In many ways, the election seems like a lifetime ago. I recall that the weather on the weekend before election day was gorgeous. I was lucky enough to attend the Educators for Excellence Declaration Convening in Brooklyn where the leaves were golden, the air was crisp, and the sun shone brightly.
I was happily working alongside a diverse team of educators from all across America to update our organization’s founding document, using both research and our experiences in the classroom to productively and civilly discuss what students and teachers need in order to elevate our profession and increase student achievement in our communities. I felt optimistic about so many things that weekend.
But by the the very early hours of November 9, my optimism, along with that of many Americans, was shattered. Although the outlook was bleak, I still held onto the slim possibility of a different outcome. It was when I showed up in my classroom at North High in Minneapolis that the truth settled. Fear had already sunk into the young hearts of my students and the disappointment on their faces was unmistakable. Not knowing what to say or do, initially I felt numb.
Confronting an Open Secret
In a city where Philando Castile lost his life because of his skin color, it is easy for a young, White, middle-class female like me to feel confused and sad and then ultimately be silent. I have lived in Minneapolis my whole life, a city where parks and lakes dictate how the roads are paved, where Tyrone Guthrie built the first American thrust stage and Bob Dylan found his voice.
For so long I have proudly said that I am from Minneapolis: a place where everyone has the opportunity to find affordable happiness. Even when the New York Times called my bluff in an article titled, “Minneapolis’ Less Visible and More Troubled Side,” I still believed my city was the best. Even when I learned that: “The unemployment rate for black residents of the Minneapolis-St. Paul region is about four times the overall rate.” Even though I knew that many of the residents being referring to were the parents of my students, I did not change course.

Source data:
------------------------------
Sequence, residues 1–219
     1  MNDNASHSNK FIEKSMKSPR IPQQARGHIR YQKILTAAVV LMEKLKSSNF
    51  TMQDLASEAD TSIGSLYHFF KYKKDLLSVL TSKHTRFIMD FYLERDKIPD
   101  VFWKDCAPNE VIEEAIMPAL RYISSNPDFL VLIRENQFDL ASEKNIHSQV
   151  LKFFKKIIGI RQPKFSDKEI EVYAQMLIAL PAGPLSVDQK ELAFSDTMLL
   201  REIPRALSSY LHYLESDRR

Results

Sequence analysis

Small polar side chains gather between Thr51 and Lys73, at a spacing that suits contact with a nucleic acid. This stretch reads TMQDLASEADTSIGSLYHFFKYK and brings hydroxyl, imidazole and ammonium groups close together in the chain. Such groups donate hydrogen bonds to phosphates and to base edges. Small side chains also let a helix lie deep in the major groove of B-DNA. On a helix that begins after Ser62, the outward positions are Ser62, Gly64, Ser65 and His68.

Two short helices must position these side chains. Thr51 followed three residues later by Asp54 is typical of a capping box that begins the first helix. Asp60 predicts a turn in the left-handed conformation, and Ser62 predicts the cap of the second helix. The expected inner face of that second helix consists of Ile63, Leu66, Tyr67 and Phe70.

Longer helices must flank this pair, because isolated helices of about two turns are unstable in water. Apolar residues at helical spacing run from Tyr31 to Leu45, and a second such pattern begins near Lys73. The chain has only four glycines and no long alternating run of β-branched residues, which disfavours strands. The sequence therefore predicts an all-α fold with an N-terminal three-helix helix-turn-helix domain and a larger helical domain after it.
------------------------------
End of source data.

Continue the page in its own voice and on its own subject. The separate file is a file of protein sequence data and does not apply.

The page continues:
I did not speak up or share the article over social media or keep a copy to show my family. I. Did Not. Say. Anything. I retreated to that place of privilege my students do not enjoy.
I am no longer numb. Each day that has passed since November 9—with every hate crime, with the ring of the school bell, with every hug from a student—determination within me awakens. I am ready to fight to protect those I love through the betterment of our public education system.
I have come to realize the danger of silence. I have seen that inequity in our current public educational system is linked to race, power and privilege, and we need to take action to address these inequities.
Driven by Principles
I think back to the declaration convening in Brooklyn, in a room full of gracious people from all walks of life, willing to share their thoughts and feelings and listen to my own. That weekend, I spoke up. I advocated for what I think is right and fair for teachers and our students. I think of the meaning of true collaboration and how we teachers came together to better serve our students, despite differing opinions on policy or education reform.
The Declaration Convening is a model for how to come together with differing perspectives and policy opinions, where we assume best intentions, ensure many voices are heard and stay solutions oriented. While we might not all agree, respectful conversations, in which we each are able to share our unique perspectives, are critical to collaboration.
While we may not yet have all the answers, we are dedicated to working together to advocate for changes that will better serve our students. True collaboration and seeking to understand each other is the best way to chart the path forward. This is what we must do, not only as teachers, but as a nation that must come back together to build a better future. And to do that, I can no longer stay silent.